“It was Mike’s idea to kick off the league with his own fight,” said Watts, adding that she is planning for four calendar events in 2021.
During the interview, Tyson imagined other boxers participating in bouts for charity, like Fury, Deontay Wilder, Floyd Mayweather and Oscar De La Hoya. “That would be powerful,” he said. “My ego would mean nothing. That would do off my ego, if we all got together.”
This is another act in Tyson’s winding life, with the seniority of someone who perhaps did not envision making it this far. “I know it seems different, me being who I was before and who I’m becoming and trying to become in life, but that’s just what it is,” Tyson said. “I didn’t choose this route. I wasn’t navigating. I’m very grateful to be alive. I learned a lot of gratitude.”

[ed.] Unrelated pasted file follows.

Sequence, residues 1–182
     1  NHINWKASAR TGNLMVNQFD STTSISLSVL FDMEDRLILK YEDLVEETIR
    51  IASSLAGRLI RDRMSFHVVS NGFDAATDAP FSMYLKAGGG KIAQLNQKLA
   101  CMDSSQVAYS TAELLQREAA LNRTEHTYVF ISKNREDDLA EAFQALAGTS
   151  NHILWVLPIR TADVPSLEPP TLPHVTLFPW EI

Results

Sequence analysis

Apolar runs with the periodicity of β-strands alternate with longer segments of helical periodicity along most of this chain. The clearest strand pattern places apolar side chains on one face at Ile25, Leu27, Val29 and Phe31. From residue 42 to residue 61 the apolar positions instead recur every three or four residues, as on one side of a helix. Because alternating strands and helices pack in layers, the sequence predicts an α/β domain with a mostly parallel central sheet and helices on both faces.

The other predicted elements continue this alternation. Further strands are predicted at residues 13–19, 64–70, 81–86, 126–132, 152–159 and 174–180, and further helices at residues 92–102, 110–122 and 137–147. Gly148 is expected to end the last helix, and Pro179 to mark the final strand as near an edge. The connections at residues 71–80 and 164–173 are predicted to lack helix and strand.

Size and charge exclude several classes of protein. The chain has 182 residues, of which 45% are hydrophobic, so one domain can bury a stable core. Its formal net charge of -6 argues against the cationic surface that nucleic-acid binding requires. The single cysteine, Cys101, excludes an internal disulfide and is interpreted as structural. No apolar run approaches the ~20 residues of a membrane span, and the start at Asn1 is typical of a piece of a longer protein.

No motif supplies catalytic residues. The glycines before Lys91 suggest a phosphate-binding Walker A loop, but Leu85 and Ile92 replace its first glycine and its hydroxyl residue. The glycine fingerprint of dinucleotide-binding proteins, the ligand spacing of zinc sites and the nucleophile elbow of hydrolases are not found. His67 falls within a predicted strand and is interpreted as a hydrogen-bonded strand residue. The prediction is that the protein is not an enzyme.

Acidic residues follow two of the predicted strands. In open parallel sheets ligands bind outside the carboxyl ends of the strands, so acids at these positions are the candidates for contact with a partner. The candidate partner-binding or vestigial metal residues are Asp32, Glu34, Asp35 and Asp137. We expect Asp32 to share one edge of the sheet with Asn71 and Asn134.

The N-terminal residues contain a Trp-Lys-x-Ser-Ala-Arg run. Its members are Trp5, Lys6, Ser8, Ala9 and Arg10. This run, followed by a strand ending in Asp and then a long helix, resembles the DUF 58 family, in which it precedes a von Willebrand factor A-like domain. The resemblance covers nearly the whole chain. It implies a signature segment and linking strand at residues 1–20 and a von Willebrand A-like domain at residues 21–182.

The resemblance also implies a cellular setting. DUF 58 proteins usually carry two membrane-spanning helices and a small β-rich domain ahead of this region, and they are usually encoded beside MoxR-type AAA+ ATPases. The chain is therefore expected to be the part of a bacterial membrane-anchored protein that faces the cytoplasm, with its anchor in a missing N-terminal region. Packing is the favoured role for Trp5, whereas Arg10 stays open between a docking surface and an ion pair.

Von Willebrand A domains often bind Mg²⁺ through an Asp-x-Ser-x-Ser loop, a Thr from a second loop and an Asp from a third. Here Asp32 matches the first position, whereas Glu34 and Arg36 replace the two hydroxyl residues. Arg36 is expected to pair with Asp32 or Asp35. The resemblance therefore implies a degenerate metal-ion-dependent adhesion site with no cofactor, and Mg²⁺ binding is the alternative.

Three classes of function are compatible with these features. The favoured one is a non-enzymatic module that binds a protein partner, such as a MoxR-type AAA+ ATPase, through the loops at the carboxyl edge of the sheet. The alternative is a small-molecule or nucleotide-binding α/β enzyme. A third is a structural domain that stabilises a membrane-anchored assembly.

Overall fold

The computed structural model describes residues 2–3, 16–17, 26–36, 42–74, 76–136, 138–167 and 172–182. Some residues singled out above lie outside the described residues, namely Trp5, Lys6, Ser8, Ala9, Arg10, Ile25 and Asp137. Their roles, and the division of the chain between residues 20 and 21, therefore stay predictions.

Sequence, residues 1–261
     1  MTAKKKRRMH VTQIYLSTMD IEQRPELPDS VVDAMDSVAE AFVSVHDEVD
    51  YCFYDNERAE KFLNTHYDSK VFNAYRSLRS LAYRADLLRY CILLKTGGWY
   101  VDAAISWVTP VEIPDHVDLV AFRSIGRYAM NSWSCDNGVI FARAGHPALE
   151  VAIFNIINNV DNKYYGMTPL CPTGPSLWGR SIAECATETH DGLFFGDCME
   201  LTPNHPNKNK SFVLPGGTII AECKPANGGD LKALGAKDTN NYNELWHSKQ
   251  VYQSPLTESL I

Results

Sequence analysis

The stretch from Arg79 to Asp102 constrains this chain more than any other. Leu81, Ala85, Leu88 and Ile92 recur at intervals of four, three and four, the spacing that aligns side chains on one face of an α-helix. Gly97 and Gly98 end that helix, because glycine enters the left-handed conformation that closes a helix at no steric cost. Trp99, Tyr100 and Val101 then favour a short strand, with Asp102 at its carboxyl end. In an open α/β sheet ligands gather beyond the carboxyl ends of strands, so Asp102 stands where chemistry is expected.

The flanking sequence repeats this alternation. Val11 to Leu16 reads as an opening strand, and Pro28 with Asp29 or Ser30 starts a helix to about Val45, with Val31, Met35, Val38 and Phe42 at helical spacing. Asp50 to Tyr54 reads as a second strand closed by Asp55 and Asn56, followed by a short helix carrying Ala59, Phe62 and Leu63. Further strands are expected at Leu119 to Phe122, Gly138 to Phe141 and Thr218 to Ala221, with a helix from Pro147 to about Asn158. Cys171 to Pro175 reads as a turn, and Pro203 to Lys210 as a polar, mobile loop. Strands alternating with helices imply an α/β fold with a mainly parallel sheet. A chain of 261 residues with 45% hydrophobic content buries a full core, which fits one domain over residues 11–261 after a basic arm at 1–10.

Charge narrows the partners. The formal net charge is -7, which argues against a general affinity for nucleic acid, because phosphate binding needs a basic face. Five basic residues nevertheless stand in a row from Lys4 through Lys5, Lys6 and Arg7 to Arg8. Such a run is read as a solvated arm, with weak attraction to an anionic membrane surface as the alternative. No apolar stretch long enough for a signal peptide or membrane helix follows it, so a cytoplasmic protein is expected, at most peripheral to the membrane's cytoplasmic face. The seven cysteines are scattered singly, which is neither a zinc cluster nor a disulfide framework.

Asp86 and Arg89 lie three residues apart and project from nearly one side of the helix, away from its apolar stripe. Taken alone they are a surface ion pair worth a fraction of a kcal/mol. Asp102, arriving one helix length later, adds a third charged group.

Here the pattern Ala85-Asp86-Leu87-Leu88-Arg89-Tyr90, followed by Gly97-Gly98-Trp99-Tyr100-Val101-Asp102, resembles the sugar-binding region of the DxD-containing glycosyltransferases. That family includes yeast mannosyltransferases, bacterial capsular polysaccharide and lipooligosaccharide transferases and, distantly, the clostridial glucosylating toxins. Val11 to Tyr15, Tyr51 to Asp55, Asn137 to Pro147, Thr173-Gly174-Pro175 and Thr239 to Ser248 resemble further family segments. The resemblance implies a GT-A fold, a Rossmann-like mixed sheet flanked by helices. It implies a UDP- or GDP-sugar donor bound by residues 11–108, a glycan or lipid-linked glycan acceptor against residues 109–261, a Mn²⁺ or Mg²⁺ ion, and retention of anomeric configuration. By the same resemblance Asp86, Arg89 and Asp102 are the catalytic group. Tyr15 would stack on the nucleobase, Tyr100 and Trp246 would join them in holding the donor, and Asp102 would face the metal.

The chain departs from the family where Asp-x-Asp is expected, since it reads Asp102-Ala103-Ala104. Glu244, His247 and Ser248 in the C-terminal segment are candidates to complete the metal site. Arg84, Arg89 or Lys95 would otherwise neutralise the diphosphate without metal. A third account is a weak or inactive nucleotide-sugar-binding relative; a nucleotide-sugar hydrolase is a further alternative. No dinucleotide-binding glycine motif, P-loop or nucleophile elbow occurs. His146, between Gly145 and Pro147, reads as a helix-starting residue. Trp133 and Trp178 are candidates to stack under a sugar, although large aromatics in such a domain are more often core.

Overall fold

Tyson’s first debut introduced him as “the hunter, the pressure fighter who will try to push his opponent’s nose bone into his brain, as he once famously said,” Farhood said.
“During the time when this happened, it was fairly rampant but just underreported” among many famous men in sports, said Miki Turner, a former sports columnist who is an assistant professor at the University of Southern California teaching journalism. She added: “I’m glad that this movement has really emerged and really sort of shaken all the nuts from the trees.”
Tyson said that until his downfall he was too self-centered. “I didn’t want to be humble. I got humbled. Life beat me into submission,” he said. “I lost my babies, I lost people I loved and it just — I had to get it together and found my head. And it could be me. I could be gone tomorrow or 10 minutes from now. You know what I mean? I’m not no religious freak, man, don’t get me wrong, OK?”